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Looking Back at SSTI's 9th Annual Conference Sound Strategies for Encouraging Regional Entrepreneurship

December 05, 2005

Note: This is the first in a series of articles SSTI will be running over the next several weeks to provide synopses of selected breakout sessions from SSTI's 9th Annual Conference, held Oct. 19-21, 2005, in Atlanta. Ideas for 2006 conference sessions can be forwarded to skinner@ssti.org. Look for more news on SSTI's 10th annual conference beginning in late winter.

The Oct. 21 morning conference session, Sound Strategies for Encouraging Regional Entrepreneurship, was presented by two dynamic speakers who offered an array of valuable lessons learned garnered through years of experience promoting growth through strategic science and technology strategies.

Michael Finney, former president and chief executive officer of Greater Rochester Enterprise (GRE), began the session with the story of how the public-private partnership became a success so quickly. A team of practitioners visited 24 regions in the U.S. to interview, learn and observe what was being done to encourage regional entrepreneurship, and what seemed to be working. The GRE team then created a top 10 best practices list from issues that kept surfacing in robust entrepreneurial environments.

To determine the industry specialty, the team looked at the business environment, corporate portfolio, and university research in the Rochester area, Finney said. They realized that the region already had a highly skilled workforce in the areas of optics, biotechnology, food and beverage science, and fuel cell technology. In addition, they were able to identify technology-driven companies in these areas and a good quality of life within the region.

The next step involved marketing the area to both new and existing businesses. According to Finney, GRE spent about 60 percent of their resources on existing industries looking for ways to innovate and focused on linking existing companies with new technologies as a way to promote innovation. GRE also embarked on a heavy advertising campaign to get their message out to the community, using direct mail advertisements to capture the attention of new and existing companies.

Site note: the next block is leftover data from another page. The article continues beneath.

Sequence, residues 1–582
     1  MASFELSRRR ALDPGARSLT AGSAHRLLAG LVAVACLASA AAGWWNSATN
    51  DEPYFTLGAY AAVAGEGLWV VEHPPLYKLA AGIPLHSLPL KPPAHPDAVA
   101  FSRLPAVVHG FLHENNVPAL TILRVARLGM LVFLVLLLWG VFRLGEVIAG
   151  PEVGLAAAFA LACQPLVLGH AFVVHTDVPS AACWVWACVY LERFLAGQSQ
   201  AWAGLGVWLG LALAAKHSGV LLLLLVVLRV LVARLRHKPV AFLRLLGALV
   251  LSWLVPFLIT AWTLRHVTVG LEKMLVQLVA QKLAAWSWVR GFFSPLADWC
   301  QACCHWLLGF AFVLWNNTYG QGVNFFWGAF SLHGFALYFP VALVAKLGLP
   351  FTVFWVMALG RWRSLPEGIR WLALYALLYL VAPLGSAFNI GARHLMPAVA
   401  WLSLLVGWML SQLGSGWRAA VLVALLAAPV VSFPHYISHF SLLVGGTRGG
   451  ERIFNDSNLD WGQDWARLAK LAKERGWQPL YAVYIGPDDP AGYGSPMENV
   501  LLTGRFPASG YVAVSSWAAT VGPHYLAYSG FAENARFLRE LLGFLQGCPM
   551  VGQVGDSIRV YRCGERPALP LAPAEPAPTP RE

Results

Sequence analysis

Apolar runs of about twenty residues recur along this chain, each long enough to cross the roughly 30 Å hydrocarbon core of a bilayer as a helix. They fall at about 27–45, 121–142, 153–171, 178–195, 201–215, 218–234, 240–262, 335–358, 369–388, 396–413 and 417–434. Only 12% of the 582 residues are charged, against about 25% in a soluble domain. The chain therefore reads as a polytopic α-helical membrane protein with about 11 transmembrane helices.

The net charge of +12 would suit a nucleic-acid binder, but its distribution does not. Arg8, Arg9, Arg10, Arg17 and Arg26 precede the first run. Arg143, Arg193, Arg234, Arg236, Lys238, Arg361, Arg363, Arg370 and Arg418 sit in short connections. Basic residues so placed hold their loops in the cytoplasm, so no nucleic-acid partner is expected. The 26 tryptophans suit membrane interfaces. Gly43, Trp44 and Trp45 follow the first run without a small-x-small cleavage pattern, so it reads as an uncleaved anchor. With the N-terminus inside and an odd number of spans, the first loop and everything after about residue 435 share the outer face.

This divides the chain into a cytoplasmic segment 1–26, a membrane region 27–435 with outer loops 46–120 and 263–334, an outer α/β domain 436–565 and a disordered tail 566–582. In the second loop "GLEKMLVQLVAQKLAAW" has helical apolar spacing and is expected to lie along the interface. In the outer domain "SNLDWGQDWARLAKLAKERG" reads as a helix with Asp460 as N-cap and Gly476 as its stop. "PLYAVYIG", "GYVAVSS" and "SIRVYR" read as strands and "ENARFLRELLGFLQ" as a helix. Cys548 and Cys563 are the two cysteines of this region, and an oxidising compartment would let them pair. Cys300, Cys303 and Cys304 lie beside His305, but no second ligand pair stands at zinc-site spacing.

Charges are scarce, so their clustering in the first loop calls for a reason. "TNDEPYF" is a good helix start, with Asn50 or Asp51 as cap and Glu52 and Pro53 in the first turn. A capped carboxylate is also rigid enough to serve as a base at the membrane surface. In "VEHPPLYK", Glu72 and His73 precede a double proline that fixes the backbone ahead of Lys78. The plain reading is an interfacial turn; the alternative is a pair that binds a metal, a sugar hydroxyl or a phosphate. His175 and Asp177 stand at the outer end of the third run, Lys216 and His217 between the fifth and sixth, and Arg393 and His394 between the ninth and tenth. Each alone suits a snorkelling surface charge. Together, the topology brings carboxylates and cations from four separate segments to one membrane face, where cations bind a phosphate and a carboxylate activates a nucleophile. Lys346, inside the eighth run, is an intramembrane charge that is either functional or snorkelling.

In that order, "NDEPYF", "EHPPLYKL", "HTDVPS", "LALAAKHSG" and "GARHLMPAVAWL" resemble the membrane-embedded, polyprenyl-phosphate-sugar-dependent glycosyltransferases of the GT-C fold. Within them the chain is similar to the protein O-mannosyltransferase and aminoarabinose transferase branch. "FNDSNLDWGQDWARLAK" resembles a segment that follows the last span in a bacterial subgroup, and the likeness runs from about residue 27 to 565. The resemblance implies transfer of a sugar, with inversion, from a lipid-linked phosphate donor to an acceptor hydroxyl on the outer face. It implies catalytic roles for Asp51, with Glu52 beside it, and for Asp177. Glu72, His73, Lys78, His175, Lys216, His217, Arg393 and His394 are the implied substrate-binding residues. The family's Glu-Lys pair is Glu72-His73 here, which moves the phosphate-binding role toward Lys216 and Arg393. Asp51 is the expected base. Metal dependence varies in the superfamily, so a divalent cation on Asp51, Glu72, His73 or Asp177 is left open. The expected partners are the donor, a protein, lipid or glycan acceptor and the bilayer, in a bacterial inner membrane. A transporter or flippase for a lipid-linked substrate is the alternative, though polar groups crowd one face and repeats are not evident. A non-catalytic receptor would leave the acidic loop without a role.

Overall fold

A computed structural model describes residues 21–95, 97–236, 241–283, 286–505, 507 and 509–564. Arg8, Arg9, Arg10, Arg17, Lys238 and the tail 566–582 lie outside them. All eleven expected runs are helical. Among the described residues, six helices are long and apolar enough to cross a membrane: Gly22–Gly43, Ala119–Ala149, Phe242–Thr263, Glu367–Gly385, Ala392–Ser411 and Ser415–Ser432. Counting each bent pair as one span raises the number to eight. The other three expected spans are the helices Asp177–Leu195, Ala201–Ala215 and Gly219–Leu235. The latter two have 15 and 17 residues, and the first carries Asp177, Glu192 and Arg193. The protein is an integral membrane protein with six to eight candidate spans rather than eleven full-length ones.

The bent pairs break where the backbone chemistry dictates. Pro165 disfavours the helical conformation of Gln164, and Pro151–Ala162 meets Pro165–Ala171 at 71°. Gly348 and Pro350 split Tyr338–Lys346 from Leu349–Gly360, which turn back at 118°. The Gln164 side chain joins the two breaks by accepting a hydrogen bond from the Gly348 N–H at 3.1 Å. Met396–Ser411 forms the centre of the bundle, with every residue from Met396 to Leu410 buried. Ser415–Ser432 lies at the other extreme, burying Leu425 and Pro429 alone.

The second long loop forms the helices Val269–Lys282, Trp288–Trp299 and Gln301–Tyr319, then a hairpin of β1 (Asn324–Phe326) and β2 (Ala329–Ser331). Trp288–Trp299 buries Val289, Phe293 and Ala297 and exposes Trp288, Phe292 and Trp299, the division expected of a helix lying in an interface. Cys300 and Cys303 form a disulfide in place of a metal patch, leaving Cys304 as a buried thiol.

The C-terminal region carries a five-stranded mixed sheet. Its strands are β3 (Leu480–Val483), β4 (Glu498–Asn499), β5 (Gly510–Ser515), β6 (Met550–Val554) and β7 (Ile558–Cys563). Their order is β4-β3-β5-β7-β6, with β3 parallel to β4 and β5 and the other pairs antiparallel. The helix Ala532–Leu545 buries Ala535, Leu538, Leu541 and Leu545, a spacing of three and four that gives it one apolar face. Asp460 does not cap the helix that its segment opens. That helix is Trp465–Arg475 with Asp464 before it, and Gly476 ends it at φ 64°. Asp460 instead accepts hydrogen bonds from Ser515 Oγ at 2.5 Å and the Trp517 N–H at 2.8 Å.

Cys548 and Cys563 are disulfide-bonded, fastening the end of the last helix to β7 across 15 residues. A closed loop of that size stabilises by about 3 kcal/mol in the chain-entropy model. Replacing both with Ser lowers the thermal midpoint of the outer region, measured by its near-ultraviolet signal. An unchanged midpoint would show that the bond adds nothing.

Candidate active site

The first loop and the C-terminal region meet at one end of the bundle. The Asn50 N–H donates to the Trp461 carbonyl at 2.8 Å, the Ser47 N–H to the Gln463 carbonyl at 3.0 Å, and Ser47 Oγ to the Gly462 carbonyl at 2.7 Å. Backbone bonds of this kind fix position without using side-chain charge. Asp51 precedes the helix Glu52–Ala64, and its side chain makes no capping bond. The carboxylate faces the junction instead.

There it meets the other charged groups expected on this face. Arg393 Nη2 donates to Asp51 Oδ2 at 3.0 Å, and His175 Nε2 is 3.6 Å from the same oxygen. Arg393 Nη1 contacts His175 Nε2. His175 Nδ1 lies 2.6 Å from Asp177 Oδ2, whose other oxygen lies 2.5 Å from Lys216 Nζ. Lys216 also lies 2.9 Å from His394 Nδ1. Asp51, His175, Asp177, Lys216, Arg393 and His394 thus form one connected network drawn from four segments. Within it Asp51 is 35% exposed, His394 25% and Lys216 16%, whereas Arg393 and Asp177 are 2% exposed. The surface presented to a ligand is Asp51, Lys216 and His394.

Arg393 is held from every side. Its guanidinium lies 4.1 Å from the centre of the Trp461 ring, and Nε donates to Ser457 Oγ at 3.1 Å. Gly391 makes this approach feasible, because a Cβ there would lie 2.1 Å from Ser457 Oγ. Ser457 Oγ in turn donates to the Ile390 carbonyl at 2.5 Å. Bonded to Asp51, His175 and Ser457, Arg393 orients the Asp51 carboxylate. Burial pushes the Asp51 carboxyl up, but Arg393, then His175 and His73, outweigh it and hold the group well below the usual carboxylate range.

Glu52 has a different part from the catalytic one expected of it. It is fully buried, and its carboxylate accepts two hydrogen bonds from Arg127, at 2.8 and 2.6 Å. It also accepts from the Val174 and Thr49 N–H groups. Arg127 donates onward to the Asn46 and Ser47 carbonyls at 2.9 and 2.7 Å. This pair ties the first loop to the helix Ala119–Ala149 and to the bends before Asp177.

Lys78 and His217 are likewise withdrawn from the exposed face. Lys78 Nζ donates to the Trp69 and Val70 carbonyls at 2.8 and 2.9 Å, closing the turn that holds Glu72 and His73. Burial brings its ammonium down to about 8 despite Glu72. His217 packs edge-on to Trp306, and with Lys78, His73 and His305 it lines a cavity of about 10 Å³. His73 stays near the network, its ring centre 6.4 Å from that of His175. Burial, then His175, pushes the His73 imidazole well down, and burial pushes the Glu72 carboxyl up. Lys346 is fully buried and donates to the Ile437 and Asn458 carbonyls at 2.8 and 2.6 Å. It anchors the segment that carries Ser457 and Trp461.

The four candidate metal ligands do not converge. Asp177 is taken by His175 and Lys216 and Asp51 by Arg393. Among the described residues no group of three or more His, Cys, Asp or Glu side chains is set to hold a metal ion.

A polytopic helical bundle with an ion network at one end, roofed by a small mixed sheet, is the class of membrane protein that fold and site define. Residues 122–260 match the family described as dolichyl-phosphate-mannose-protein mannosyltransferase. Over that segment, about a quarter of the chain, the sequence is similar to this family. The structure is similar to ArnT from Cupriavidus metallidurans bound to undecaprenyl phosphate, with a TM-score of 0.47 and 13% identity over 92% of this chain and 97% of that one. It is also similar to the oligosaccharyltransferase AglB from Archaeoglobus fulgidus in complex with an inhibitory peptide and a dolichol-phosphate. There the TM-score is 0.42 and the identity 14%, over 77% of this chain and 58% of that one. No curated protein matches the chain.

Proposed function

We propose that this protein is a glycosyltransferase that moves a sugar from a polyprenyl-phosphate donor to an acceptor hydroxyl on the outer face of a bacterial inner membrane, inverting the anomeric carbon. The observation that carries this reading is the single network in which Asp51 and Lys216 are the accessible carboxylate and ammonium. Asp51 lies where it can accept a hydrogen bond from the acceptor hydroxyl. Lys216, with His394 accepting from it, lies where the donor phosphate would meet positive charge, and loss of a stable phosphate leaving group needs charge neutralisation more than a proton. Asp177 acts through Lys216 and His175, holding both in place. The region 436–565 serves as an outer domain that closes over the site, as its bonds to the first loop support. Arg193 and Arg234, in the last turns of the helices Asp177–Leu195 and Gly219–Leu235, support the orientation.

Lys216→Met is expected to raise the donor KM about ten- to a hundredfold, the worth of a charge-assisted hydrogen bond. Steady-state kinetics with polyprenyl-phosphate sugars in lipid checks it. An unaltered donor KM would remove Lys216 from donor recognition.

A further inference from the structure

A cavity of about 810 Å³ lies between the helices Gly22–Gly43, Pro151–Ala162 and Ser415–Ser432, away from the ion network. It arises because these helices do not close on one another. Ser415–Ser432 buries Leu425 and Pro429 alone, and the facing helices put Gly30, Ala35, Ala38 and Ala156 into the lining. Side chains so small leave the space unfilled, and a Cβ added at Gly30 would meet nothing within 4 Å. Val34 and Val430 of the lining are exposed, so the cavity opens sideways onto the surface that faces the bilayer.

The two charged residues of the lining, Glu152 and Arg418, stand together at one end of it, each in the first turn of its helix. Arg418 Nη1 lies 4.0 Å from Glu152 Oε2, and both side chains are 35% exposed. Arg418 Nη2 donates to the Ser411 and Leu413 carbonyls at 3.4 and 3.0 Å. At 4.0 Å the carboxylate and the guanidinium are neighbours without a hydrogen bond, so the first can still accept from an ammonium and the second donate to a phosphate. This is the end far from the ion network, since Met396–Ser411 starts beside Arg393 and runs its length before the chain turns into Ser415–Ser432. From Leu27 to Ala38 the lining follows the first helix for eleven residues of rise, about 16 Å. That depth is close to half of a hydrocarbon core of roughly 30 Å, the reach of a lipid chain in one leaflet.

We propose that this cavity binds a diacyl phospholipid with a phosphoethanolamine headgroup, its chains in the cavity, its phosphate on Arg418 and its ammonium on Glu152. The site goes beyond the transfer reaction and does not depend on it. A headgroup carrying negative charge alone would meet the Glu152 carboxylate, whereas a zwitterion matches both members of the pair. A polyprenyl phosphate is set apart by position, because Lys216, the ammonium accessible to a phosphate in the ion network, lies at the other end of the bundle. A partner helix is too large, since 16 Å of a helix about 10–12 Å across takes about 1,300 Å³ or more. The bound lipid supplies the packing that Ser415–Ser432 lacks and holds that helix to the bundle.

Following Finney's presentation, an audience member inquired about the strategies used to attract and encourage minorities. According to Finney, it takes much more than simply putting a sign up. GRE hosted events to lure minority entrepreneurs and incubate them. In addition, programs were designed specifically for that purpose, Finney said.

The second speaker, Bruce Gjovig, entrepreneur coach and chief executive officer of the University of North Dakota's Center for Innovation, elaborated on the challenge he faced in the beginning of his career at the center. At the time, not many entrepreneurs were on campus, Gjovig said. One must find them and they only come when they need something, he added. Gjovig suggested holding business plan contests, venture forums and entrepreneur classes to identify entrepreneurs on campus.

Gjovig stressed there is still a lot of work to be done in order to transform campuses into entrepreneurial-friendly environments. According to Gjovig, there is a fundamental conflict with the university-entrepreneurship culture. For the research scientist, entrepreneurship is a skill set unrelated to being a good scientist and failure rates are high, while financial returns can take years.

Also discussed were lessons learned in the areas of services for entrepreneurs, access to capital, and market innovation. Gjovig offered a list of success factors that include enabling innovation, market and economic assessments to focus on niche markets, entrepreneur networks, flexible deal structure, and the importance of shared passion over credentials and experience.